Over 51,000 people you won’t be able to watch their favourite soaps and news broadcasts beginning midnight today (July 31) as the Rwanda Utilities Regulatory Authority (Rura) switches off their analogue TV sets, concluding the migration from analogue transmission to digital broadcasting.
According to figures from the 2010 national census, over 192,800 homes had television sets.
“Out of those, 141,260 (70 per cent of all people with TV sets) homes have acquired decoders,” the regulators said. This means that about 51,540 (27 per cent) do not have decoders.
All people with TV sets were expected to have bought set top boxes, commonly known as decoder, by the end of today to enable the switchover to digital broadcasting.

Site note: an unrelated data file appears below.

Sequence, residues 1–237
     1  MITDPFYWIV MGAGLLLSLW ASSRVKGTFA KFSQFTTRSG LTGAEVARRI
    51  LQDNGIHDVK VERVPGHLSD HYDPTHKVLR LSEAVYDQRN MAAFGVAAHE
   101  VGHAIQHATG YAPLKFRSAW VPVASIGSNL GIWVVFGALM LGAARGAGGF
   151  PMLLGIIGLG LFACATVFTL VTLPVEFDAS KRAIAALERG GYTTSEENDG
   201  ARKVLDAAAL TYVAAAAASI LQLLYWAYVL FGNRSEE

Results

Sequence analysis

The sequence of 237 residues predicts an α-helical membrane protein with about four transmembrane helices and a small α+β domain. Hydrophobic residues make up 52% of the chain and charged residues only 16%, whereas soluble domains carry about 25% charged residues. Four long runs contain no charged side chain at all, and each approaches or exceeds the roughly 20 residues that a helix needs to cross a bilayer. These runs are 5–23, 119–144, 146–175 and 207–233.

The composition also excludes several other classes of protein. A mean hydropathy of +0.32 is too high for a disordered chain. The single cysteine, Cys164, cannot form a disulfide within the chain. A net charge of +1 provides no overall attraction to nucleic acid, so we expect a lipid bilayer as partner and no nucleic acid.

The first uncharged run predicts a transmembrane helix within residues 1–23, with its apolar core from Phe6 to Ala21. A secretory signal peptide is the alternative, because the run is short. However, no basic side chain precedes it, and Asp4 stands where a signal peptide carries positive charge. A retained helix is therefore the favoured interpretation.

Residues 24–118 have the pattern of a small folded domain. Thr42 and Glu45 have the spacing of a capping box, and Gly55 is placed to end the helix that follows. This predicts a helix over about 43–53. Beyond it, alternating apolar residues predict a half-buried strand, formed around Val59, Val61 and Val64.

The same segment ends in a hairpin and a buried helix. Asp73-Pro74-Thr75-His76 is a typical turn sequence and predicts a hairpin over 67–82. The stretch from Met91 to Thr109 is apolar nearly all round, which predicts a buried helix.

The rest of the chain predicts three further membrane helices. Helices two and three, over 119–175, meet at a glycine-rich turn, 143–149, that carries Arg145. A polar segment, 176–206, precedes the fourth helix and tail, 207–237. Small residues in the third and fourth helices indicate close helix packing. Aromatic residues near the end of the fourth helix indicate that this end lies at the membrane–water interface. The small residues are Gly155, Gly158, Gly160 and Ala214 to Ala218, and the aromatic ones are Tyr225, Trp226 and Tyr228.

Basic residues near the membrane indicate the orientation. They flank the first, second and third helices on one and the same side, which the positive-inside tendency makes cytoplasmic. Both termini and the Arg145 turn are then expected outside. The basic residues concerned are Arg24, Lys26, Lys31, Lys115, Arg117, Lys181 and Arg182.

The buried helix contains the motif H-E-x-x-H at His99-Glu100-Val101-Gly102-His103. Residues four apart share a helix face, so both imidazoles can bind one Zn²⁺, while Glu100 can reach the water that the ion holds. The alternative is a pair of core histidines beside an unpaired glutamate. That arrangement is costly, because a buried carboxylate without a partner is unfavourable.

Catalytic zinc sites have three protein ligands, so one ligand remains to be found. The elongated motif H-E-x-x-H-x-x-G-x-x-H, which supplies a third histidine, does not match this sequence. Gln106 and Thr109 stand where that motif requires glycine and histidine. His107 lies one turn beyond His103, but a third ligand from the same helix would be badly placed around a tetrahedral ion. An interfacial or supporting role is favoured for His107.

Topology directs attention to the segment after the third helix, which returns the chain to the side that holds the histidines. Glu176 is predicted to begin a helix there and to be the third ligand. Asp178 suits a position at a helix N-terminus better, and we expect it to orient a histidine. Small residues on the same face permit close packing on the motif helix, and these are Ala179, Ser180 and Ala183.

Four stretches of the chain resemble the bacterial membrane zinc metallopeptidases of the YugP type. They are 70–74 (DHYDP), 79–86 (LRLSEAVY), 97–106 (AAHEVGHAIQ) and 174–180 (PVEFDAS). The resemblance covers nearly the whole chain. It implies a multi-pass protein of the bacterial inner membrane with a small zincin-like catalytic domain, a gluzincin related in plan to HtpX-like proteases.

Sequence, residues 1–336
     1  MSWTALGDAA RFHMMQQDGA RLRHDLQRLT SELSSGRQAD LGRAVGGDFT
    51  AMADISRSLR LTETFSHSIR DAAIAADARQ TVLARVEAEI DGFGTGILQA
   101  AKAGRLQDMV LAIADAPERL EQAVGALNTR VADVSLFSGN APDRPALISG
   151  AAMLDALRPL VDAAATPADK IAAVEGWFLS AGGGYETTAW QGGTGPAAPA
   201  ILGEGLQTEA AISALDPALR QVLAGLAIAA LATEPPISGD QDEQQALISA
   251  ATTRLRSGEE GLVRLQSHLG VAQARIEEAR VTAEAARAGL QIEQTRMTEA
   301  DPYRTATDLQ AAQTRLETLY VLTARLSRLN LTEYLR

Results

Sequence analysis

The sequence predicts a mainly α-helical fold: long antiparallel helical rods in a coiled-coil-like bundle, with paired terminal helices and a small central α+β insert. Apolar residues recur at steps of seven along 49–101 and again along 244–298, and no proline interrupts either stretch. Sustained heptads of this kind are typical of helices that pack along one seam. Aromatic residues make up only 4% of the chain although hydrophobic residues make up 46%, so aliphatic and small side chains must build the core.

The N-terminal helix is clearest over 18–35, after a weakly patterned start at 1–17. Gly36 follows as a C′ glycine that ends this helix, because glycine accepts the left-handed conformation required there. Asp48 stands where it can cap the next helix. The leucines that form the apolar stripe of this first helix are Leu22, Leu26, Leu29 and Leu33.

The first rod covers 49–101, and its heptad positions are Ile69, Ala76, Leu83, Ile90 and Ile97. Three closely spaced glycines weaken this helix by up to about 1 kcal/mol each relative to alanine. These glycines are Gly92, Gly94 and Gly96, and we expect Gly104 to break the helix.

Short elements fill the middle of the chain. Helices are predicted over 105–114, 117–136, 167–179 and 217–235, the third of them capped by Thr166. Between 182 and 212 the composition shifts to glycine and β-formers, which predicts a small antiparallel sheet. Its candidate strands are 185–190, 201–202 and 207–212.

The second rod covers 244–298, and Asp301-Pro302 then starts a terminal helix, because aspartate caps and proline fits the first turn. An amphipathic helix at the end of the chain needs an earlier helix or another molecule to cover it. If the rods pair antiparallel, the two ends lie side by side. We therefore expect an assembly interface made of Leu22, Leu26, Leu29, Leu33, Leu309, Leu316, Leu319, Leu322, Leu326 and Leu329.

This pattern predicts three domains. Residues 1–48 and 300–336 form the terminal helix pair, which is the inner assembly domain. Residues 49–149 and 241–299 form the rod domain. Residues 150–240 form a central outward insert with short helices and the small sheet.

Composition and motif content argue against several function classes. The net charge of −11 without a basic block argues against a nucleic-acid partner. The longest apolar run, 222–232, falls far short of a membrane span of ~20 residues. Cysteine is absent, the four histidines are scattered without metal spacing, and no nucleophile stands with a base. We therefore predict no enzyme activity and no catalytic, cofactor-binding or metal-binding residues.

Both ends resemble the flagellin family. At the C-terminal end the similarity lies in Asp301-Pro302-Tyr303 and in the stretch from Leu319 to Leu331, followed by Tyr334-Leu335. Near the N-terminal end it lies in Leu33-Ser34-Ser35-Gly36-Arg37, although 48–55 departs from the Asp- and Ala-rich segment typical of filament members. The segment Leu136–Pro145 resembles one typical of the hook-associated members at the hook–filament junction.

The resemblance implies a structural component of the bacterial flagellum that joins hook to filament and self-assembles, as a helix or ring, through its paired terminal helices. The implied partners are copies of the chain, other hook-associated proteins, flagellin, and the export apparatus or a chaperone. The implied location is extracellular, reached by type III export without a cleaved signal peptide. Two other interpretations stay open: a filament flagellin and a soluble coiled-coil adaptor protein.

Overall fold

The last phase of the switchover from analogue television transmission to digital broadcasting will involve the west and southwest regions, Patrick Nyirishema, the Rura director general, said last evening. The four-phase switch from analogue to digital transmission started in January this year and ends today July 31.
On January 31 Rura switched off analogue sets in Kigali, while those in the north-west and East were barred on March 31 and on May 31, the regulator switched off north-east and southern parts of the country.
In 2008, the government decided to digitalise the whole network of the Rwanda Broadcasting Agency following the set deadline by the International Telecommunication Union for TV analogue switchover of June 17, 2015.
According to Nyirishema, before the digital migration exercise started, 50 per cent of the TV sets used analogue transmission. “However, the digital coverage is currently at around 95 per cent.”
He said Rura adopted a phased approach to migrate due to decoder distribution constraints.
Rwanda will become the second country in sub-Saharan Africa after Tanzania to switch off its analogue television signal.
Tele 10, Sorim, TransAfrica and Star Africa Media are the four companies licensed to import decoders.